Day 14 Pick a probiotic

Probiotics are a type of live bacteria that are not only safe, they’re great for keeping your gut healthy and your digestive system functioning well. These tiny wonders are naturally found in fermented foods like yoghurt, kombucha, sourdough bread and miso. Or look for them in snacks like Food For Health’s Mango & Coconut Probiotic Brekkie Balls. 

Day 15 Give yourself a pep talk

You’re at the halfway point of the month. Feeling unmotivated? Try this tip from Olympian and Coles ambassador Sally Pearson: “If I’m ever struggling with a training session or I’m anxious about a job opportunity coming up, I always try to talk myself into it rather than dwell on the scary thoughts that I’m having or the anxiety that I’m feeling,” she says.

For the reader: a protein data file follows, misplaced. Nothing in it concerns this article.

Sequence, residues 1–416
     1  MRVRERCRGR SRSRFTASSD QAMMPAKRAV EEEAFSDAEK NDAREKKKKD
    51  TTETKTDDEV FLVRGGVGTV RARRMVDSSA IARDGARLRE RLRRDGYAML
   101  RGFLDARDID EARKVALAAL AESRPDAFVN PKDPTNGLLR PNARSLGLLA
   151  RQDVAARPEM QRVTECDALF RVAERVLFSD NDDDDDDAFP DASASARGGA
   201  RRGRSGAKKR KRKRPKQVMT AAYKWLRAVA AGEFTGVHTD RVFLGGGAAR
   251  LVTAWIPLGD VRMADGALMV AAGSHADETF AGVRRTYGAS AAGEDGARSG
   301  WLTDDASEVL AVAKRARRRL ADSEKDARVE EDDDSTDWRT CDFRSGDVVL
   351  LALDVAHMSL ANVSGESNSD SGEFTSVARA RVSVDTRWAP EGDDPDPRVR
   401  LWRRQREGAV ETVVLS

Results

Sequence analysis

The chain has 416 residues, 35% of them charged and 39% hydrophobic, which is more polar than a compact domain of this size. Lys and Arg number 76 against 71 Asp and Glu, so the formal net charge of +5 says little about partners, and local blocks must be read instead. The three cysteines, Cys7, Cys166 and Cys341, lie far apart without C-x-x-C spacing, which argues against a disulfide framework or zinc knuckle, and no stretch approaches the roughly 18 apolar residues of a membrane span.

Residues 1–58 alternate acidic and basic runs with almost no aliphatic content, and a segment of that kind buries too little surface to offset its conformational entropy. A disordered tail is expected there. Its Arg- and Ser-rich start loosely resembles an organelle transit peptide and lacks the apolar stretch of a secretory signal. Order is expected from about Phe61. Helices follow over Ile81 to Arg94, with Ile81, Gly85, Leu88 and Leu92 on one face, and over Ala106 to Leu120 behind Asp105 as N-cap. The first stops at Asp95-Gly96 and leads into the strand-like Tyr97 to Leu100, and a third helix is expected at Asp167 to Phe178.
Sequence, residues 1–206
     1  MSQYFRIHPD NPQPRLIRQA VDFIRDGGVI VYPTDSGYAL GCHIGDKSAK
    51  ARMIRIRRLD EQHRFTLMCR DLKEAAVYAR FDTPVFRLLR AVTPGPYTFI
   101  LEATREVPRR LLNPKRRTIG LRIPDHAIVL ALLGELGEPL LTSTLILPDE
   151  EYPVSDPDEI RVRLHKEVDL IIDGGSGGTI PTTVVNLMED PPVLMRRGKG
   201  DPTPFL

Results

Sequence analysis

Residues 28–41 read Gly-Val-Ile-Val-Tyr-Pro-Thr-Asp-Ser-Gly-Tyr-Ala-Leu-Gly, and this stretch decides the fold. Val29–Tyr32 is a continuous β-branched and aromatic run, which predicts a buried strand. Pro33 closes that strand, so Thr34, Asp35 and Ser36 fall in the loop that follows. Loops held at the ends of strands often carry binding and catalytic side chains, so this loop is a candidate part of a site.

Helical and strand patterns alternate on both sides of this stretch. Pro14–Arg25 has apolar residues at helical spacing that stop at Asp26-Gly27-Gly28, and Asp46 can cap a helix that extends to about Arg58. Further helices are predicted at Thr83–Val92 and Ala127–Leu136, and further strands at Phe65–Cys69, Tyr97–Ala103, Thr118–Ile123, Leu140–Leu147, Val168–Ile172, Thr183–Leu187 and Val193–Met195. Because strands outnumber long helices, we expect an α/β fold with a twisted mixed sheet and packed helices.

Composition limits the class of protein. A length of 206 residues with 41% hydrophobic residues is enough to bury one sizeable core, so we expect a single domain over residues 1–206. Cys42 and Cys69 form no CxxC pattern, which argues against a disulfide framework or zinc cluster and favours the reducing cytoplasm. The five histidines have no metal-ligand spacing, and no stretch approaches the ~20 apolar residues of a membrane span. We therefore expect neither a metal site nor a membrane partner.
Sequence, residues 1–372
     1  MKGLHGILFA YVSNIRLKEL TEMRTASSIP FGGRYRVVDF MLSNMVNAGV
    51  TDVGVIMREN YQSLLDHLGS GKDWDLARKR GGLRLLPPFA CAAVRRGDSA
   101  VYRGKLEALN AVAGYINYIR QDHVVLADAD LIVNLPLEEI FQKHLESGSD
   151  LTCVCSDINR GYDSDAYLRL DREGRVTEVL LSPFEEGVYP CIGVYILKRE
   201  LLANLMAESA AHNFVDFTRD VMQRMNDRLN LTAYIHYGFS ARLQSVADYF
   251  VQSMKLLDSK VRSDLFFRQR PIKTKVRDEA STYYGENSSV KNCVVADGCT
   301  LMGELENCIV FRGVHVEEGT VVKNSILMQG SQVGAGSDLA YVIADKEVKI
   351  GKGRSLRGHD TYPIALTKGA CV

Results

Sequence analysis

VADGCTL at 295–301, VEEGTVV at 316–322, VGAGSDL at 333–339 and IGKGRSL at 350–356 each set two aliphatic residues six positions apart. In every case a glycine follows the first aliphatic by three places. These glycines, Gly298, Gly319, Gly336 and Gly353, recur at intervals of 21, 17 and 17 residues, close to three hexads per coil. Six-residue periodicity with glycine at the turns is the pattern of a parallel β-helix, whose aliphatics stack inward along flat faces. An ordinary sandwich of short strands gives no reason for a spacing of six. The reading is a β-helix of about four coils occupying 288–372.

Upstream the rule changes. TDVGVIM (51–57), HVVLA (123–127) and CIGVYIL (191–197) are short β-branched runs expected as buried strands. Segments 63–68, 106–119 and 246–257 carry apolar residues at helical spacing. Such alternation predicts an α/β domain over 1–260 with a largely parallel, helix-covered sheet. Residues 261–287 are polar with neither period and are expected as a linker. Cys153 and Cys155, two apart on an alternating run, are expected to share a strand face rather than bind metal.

Day 16 Go hard and fast

You’ve put exercise in your diary (see day 3) and planned workouts with your friends (day 5). But if you’re still struggling to find the time for fitness, consider a short, high-intensity (HIIT) workout. Sometimes, pushing yourself to exercise as hard as you can for 15 minutes can reap the same benefits as a longer workout.

Day 17 Prepare for success

Get a head start on your mornings by setting them up the night before. Struggling to exercise first thing? Leave your workout gear – including sneakers, socks and underwear – beside your bed so you can change into them the minute you roll out from under the covers. 

Want to start the day with a healthier breakfast? Pre-soak your oats for Bircher muesli or leave a saucepan of water on the stovetop so you’re ready to boil eggs. The easier you make something ahead of time, the more likely you’ll do it. 

Day 18 Jump rope

A simple skipping session provides a great cardio workout, boosts bone density and improves overall balance and coordination. Plus, you can do it almost anywhere.

Day 19 Fuel up with protein and fibre